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Four Phases of Unexpected Culture Shock in Our Current Crisis

Everything was fairly normal a few weeks ago. We knew that there was a new virus, but there have been new viruses in the past. We continued going to work, the store, and church. There was no reason to change vacation plans. There was no need to postpone weddings. Then, suddenly, everything was not normal. Everyone’s daily and weekly routines were completely transformed almost overnight. Going to work could no longer be taken for granted either because of stay-at-home orders or unanticipated layoffs. Weddings have been postponed indefinitely, and vacation travel is strongly discouraged or illegal at the moment. Nothing is “normal” anymore. Could it be that we are going through a type of culture shock?

Paul Hiebert defines culture shock as “the disorientation we experience when all the cultural maps and guidelines we learned as children no longer work.” (66) In other words, nothing seems to work like we expect it to work. Nothing makes sense to us.

Professors teach about culture shock in missions classes. When a missionary experiences culture shock, it is because they leave one cultural context and enter a different one. They are immediately confronted with different sights, smells, and sounds. They automatically start trying to place things in familiar categories in their minds. Problems arise when they encounter something that doesn’t fit into an already-existing category. They either have to create a new category or modify an old category. This experience can be exciting at first but quickly becomes tedious, burdensome, or even frustrating.

Over the last few weeks, the COVID-19 crisis has shifted our societal norms so fast that we struggle to keep up. Most people feel confused, emotional, anxious, and exhausted. They are simply trying to make sense of all of this. Perhaps our entire society is collectively going through culture shock at the same time.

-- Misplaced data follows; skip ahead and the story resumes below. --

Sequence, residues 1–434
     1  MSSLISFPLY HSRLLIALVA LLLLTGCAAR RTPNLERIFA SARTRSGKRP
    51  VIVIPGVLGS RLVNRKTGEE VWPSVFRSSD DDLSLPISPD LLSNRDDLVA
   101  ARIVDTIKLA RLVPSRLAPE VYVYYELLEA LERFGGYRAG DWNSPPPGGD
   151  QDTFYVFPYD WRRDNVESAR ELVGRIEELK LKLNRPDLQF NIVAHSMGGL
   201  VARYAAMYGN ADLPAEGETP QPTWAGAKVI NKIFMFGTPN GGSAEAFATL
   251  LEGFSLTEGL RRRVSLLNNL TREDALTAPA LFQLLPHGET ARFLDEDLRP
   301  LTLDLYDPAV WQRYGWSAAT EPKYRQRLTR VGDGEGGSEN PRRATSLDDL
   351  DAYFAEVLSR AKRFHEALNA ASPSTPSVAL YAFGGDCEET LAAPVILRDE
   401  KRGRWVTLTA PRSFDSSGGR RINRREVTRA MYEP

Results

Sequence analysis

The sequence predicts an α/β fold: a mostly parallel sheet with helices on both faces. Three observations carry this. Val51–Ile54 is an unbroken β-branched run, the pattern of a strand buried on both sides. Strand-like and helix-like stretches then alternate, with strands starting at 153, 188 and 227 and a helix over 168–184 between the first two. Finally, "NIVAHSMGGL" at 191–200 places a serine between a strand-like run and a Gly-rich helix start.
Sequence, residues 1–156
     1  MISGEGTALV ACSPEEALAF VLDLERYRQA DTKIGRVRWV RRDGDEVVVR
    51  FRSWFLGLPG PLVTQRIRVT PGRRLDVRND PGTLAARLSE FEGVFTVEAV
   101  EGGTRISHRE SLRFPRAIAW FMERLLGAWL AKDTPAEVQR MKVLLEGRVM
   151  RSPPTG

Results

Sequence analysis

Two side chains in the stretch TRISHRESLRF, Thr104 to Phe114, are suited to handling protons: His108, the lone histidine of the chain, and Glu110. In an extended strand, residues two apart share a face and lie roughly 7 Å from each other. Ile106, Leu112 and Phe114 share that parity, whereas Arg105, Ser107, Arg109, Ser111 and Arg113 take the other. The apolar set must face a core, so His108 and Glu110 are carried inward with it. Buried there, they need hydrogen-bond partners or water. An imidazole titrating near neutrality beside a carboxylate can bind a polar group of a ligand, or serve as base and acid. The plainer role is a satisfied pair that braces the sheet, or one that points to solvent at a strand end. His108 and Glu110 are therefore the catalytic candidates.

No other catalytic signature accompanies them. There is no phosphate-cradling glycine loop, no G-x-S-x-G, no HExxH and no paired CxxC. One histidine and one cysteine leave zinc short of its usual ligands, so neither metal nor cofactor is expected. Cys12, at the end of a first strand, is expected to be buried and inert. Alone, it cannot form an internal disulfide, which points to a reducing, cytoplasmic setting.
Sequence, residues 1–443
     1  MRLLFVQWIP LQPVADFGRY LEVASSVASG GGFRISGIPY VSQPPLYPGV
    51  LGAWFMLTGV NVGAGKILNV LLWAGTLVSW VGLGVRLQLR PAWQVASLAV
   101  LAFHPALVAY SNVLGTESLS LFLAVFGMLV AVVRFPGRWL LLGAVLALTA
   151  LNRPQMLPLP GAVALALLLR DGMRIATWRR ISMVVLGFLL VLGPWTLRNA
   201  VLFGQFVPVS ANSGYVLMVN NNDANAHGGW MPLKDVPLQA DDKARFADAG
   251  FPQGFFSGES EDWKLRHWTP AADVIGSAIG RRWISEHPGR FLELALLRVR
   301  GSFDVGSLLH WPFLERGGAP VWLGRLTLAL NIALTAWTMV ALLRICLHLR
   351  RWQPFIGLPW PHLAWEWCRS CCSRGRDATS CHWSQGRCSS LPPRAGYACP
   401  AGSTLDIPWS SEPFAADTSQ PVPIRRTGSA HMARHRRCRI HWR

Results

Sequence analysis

The Phases of Culture Shock in Our Current Crisis

Culture shock traditionally includes four phases. The first phase is the “honeymoon” phase. During this phase, everything seems new and wonderful. Some people are excited about the opportunity to work from home. Some enjoyed the slower pace of life that had been imposed on them. Others rejoiced about the return of family dinners without the distraction of school and community activities. Of course, this phase does not last forever. There is a moment when the cultural differences become very real.

The second phase is variously called “Anxiety,” “Frustration,” or “Disenchantment.” In the current crisis, this happens when we realize that the COVID-19 crisis is going to drag on for a lot longer than any of us suspected or hoped. We become aware that we must adjust to living within new cultural norms. Especially challenging for us is that externally, this culture appears very similar to our old one, but we are acutely aware that the external similarities simply mask the radical transformation that has happened. Our lives have changed, but we haven’t gone anywhere. In response, we feel frustration, anger, sadness, anxiety, uncertainty, and a variety of other emotions. These are normal emotions, but remaining in this phase is not healthy for us.